Local races: the spring/summer collection
The sleeved tops and running capris have been pushed to the back of my wardrobe, and the tank tops, singlets and shorts that have been in hibernation since November last year have regained prime position. As the beads of sweat trickle down my forehead five minutes after jogging out my front door, I am reminded again that summer is nearly here in Hong Kong.
Coming from single-season Singapore where it's hot and humid year-round, I should be relatively accustomed to the heat. In reality, I'm terrible in it, because I sweat buckets and can't rehydrate fast and adequately enough. Last week, I came back from a run and my security guard thought I'd gone swimming.
To deal with the heat and humidity, I have the following strategies:
- Wake up earlier and get the run done by 8am. For long runs I sometimes have to wake up at 4.30am, but sleep deprivation, to me, beats getting baked by the sun. The other option is to run in the evening, but I'm partial to morning rather than night runs because I like to start my day with exercise.
- Plan a route that has more shade and goes by waterfalls, public bathrooms, provision stores, or any sources of water for drinking or dousing myself in.
- Let the body acclimatise gradually to the season. This means running slower and for shorter distances, and progressively increasing both pace and duration as the body adapts. The challenge is really a mental one: to learn to lower expectations and accept that I just can't go as hard or fast as during winter.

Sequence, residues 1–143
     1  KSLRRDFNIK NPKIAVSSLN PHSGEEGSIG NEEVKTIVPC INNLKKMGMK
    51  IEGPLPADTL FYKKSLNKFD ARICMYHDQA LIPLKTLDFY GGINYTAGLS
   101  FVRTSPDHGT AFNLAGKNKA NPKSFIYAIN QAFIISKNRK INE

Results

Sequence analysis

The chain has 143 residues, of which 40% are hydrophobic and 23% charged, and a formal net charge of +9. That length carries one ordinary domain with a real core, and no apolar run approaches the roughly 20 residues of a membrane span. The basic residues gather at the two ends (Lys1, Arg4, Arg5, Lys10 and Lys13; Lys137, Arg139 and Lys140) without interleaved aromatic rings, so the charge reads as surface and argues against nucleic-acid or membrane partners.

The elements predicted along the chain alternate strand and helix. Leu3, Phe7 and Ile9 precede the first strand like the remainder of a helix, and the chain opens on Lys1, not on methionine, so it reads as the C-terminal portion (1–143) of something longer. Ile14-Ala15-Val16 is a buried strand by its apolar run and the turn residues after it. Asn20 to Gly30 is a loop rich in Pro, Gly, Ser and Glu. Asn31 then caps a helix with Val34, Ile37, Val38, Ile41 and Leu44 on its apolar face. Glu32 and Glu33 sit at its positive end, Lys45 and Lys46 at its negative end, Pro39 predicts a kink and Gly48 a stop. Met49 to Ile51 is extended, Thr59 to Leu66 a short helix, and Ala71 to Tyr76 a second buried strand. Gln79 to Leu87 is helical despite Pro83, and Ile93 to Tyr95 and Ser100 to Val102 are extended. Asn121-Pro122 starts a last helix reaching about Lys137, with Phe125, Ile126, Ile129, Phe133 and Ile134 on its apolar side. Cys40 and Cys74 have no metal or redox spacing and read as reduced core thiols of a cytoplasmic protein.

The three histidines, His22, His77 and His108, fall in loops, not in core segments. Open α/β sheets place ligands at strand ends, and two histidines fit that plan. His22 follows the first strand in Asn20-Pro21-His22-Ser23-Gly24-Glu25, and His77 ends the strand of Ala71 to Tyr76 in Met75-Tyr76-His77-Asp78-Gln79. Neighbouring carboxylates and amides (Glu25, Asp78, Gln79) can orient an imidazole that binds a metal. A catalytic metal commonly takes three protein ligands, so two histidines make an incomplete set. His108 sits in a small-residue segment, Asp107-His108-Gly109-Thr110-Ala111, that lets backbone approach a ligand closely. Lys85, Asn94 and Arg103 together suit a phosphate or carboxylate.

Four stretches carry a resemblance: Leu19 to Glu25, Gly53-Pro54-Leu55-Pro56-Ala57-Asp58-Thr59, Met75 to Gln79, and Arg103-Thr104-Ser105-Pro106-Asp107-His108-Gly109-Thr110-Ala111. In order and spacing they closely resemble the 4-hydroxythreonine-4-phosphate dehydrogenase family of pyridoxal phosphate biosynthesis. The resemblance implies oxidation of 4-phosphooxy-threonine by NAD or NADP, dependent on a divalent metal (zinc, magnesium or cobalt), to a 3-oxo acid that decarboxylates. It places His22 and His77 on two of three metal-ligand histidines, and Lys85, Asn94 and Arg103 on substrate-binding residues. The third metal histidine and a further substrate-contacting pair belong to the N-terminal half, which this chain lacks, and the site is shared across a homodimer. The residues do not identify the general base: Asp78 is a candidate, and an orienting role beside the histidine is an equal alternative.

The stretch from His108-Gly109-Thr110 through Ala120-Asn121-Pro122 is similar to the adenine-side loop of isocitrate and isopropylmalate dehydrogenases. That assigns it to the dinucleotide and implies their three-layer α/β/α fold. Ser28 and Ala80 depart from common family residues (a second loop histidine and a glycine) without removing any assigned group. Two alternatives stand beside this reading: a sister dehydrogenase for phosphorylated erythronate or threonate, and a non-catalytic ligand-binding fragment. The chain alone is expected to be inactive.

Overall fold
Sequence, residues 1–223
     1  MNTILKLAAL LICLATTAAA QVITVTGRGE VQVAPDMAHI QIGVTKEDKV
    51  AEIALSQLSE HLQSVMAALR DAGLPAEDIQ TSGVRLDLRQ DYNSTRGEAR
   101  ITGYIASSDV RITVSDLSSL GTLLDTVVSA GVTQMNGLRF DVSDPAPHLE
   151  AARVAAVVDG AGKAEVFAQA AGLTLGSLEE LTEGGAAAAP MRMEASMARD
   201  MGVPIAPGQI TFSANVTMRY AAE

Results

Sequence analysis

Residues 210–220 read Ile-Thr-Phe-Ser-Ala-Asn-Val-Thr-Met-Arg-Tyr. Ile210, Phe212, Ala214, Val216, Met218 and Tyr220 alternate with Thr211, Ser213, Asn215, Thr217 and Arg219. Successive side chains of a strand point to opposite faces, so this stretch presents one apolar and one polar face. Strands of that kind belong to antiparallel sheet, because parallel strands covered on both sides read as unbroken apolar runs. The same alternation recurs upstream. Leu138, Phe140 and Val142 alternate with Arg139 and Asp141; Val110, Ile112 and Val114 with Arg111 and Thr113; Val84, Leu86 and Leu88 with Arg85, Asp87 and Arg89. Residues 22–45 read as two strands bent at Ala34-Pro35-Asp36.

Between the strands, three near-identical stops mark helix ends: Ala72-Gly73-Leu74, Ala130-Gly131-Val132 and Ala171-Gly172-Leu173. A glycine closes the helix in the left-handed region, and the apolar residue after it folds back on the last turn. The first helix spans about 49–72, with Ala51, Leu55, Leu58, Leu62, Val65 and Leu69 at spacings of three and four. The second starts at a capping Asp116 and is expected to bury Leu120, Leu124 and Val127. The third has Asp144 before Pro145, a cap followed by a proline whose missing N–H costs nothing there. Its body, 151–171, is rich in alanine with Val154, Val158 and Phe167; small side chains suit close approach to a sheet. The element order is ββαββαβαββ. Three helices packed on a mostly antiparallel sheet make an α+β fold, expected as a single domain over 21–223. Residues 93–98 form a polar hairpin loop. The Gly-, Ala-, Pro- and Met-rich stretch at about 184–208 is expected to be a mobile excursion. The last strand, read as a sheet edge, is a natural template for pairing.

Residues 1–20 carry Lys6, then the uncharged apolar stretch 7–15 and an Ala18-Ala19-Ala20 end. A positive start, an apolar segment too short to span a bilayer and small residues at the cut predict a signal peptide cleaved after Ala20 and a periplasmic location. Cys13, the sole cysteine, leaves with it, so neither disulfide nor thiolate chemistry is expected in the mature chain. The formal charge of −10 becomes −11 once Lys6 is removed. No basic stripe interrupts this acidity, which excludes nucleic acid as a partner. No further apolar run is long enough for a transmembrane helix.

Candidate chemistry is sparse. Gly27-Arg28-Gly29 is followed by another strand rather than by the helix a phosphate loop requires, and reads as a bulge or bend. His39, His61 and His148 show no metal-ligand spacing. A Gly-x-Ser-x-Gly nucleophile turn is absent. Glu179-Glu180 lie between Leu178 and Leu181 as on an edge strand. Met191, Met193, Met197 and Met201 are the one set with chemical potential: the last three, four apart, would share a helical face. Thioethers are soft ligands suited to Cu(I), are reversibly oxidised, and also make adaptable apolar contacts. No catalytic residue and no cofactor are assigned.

- Go light and loose. While during the cooler months I may carry a hydration pack, doing so in summer means my body can't dissipate heat as well when there's something on my back. A waistpack or a handheld hydration bottle are better options. With clothing, I avoid wearing dark colours and apparel that are tight against the skin. And I never leave home without a visor and my Oakleys.
- Hydrate constantly, even when not running. This keeps the body's cooling mechanisms slick.
While the main trail running racing season is now over, there are still many races happening from now till August to look forward to. Most events are short - which not only means less time racing in the heat, but also shorter training sessions in preparation for the race. The friendlier race distances also mean you don't need to be superfit to join in the fun.
Here's a pick of some upcoming races in Hong Kong:
2XU Hong Kong Stairmaster series - This new two-race series, held in the evenings, is organised by top local trailrunner and Lantau Base Camp shop owner, Jeremy Ritcey. Race one (May 10) goes over Sunset and Lantau Peaks on Lantau Island, and race two (May 24) goes over Violet Hill and the Twins on Hong Kong Island.
Bonaqua Mountain Hardwear Action Sprint series - The Mui Wo and Sai Kung legs are over, but there's still the Repulse Bay (April 28) and Discovery Bay (May 5) events to go. Each race is about 12-13km long with about 75 per cent off-road trail running and 25 per cent small rocky sections, gullies, coastlines included for the adventure. Helmets mandatory.
Teva Julbo Kayak n Run series - Organised by Action Asia Events, who also does the Action Sprint series, these races are for teams of two and consist of ocean kayaking and trail running. Race distances include an "Adult" and a shorter "Family" option. Three events: Deep Water Bay (May 25), Discovery Bay (June 15) and Tai Tam Tuk (July 13).
Compressport Splash 'n Dash series - This three-race Aquathon (swim and run) series has been very popular with families and triathlon beginners because of its friendly distances (Kids', Sprint and Challenge) and fun atmosphere. Events are held at Repulse Bay (May 12 and June 23) and South Bay (June 9). The on-site bouncy castle and post-race muffins are particularly popular among participants.
Remember to sign up quickly because entries sell out fast for these races!